Tagged: Reduce-Reuse-Recycle

VIDEO: The Story of Electronics

The Story of Electronics explores the high-tech revolution’s collateral damage—25 million tons of e-waste and counting, poisoned workers and a public left holding the bill. Host Annie Leonard takes viewers from the mines and factories where our gadgets begin to the horrific backyard recycling shops in China where many end up. The film concludes with a call for a green ‘race to the top’ where designers compete to make long-lasting, toxic-free products that are fully and easily recyclable.

VIDEO: What Is E-Waste?

It can be an uncomfortable topic: eWaste. If you’re reading this you’re on an electronic device (unless you printed this out or something) but the term “eWaste” asks the question “What happens to my electronics when I get rid of them?” Your electronic waste is called eWaste and unless it’s properly recycled, and many times it isn’t, the harmful chemicals inside that make your smartphones and laptops run can leak out into the groundwater in landfills or harm those in other countries separating the parts for reprocessing.

While I won’t call it an answer to eWaste because you can always reduce, eCycling at least recycles the components of our electronic waste for reuse instead of dumping it in a landfill. Responsible eCycling on your part requires you to know where your recycled electronics are going and if your electronics recycler is responsible or not. Where can you eCycle your electronics? Check out the links on the EPA website epa.gov/epawaste or our post Amazon Lets You Trade-In Old Electronics For New Ones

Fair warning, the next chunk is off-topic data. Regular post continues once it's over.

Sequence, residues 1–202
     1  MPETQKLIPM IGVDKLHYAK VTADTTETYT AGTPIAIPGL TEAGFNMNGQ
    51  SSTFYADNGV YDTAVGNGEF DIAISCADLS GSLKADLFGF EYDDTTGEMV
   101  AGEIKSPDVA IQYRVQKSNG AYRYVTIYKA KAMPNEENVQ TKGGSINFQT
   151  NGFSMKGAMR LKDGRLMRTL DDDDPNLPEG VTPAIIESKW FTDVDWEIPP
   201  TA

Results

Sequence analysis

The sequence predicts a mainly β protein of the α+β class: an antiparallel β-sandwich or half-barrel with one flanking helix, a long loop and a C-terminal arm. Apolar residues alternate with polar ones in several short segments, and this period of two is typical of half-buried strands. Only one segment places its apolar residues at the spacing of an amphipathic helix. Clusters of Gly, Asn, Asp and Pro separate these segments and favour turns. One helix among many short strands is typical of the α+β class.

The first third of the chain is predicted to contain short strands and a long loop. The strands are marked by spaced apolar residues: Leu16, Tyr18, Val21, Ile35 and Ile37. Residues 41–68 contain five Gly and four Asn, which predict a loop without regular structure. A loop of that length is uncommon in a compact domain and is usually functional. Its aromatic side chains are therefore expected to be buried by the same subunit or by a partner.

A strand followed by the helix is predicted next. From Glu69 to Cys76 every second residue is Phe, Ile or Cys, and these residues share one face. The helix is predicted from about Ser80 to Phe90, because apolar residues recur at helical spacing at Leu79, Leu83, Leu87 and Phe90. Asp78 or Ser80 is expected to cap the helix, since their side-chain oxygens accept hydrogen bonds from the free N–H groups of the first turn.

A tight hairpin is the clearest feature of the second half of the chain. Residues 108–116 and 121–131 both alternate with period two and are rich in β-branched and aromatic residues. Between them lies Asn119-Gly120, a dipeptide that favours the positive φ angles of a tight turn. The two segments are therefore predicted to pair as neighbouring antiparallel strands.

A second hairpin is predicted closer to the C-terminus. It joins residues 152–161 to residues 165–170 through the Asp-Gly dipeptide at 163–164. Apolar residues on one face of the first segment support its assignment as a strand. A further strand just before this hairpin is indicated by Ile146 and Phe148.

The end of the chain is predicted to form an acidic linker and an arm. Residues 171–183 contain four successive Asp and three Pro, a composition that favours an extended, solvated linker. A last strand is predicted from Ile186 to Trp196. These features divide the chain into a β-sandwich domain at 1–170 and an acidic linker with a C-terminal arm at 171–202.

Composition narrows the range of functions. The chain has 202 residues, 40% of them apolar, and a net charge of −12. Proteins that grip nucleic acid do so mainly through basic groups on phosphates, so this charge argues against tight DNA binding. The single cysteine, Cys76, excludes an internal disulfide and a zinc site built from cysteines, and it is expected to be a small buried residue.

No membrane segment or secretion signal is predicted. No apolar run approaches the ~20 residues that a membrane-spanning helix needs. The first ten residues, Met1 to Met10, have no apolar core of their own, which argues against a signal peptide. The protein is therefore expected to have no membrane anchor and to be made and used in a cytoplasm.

eCycling is easier than you think.

If you’ve never heard of eWaste watch the video above from the good folks at GOOD.

PHOTOS: The House Made of Hemp


Hemp is the soft, durable fiber cultivated from the Cannabis plant and is used to refer to marijuana with a low, non-psychoactive level of THC, the main chemical in marijuana. Hemp has been used for hundreds of years with an estimated 50,000 products being derived from it. Here, hemp is used in the form of Hemcrete- a mixture of industrial hemp, lime and water- to construct a home located in Asheville, North Carolina. More pics below. Continue reading

Going Green For Graduation

GreenWeaver green graduation gowns
Photo Credit: All photos courtesy of Oak Hall Cap and Gown

The class of 2011 is going green in a very different and unexpected way.

Graduating seniors are turning to eco-friendly apparel for their walk across the stage. At least four academic apparel companies are trading polyester and other synthetic fibers for fibers made from sustainably-harvested forests and recycled plastics. Continue reading